Halloween coincides with a Newcomer serial killer's rampage.
It's hard to muster anything but sympathy for the killer, in reality a vigilante on a justifiable holy mission, one who was crippled by the slave's life, and commits suicide rather than face not being able to complete his work. What he's doing is wrong, but as we've yet to meet an Overseer with even an once of regret, it doesn't feel TOO wrong. The killer is right when he says "no one has the right to remain silent"; injustice must be exposed, but that's not the path he took. For George, it's another test of his moral compass, and this time, he almost lets the killer walk, motivated by incredible hatred and resentment. The truly harrowing moment is when Emily comes home with an Overseer tattoo - her disguise for a Halloween party, not that any humans there would get it - earning her father's ire. Imagine a Jewish child of Holocaust survivors who doesn't really understand the history, coming home disguised as a Nazi. George is a tightly wound character, and Uncle Moodri is right, he has Tagdot's violence in him. His struggle and victory, every week, is managing to reign it in.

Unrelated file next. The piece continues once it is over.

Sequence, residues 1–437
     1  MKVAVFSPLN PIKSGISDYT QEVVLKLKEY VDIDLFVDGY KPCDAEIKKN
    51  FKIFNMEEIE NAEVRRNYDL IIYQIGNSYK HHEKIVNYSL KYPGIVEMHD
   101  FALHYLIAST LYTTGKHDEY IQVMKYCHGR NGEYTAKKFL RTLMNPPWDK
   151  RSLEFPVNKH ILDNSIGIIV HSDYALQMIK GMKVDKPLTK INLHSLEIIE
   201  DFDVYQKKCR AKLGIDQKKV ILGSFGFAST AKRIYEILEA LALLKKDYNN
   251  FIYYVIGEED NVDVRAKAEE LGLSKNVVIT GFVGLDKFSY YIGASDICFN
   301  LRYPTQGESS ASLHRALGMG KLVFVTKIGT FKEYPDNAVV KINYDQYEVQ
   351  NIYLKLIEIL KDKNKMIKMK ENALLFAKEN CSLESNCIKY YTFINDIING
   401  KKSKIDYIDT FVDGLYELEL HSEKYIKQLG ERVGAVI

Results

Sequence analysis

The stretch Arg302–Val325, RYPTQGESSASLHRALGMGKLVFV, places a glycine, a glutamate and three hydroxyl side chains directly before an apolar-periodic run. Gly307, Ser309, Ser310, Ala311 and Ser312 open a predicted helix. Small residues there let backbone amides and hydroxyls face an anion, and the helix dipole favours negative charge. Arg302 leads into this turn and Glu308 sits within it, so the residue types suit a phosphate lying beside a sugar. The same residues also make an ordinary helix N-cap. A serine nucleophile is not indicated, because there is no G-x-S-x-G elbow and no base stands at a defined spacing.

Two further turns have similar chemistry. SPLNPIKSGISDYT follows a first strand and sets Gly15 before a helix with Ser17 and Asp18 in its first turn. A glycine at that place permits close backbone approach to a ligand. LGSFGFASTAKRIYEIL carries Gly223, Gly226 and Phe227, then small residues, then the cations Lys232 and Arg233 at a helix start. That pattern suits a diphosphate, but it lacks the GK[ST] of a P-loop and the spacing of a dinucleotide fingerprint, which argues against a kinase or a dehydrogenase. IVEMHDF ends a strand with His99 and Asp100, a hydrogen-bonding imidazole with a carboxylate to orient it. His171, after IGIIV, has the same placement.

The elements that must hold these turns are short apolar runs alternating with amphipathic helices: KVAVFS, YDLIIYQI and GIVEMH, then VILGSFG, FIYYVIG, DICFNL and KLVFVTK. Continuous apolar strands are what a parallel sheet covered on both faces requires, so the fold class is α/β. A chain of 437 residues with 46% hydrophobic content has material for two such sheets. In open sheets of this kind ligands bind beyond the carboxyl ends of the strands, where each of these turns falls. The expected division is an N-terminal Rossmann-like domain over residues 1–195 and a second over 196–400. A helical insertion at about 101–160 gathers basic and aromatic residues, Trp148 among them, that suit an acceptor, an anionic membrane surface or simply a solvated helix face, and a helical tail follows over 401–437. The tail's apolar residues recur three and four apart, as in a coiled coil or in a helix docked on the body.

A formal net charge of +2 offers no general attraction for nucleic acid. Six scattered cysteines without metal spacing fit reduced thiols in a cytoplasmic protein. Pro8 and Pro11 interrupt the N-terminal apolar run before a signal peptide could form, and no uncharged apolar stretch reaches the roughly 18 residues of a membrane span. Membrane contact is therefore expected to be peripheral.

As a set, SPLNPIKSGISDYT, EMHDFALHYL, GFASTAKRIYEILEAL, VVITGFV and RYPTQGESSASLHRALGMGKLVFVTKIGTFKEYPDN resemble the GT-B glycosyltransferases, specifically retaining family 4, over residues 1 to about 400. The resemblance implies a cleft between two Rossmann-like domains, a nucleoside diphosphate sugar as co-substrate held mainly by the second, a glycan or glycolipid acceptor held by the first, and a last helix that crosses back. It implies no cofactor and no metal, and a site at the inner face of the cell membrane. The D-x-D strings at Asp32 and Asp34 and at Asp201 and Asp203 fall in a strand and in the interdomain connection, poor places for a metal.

Though there is a rather unbelievable moment when the coroner eats ribs right over a corpse, the black comedy for the most part comes from Emily's subplot as she prepares to take part in her first Halloween. She relishes it, making her mother carve a pumpkin, training for the apple-bobbing competition, etc. It's not all fun and games, as the Newcomer mask comes on the market and gives her bullies at school an opportunity for hurtful shenanigans. But we don't dwell too much on this. Just enough to bring the show's themes to the surface, while not taking the spark out of Emily's eyes. The final image is of George and Susan allowing themselves to laugh at the monster in their history. Anything else would have been, perhaps, intolerably dark.
REWATCHABILITY: Medium-High - A dark and sometimes thoughtful tale, using Newcomer history as a canvas for horror and black comedy.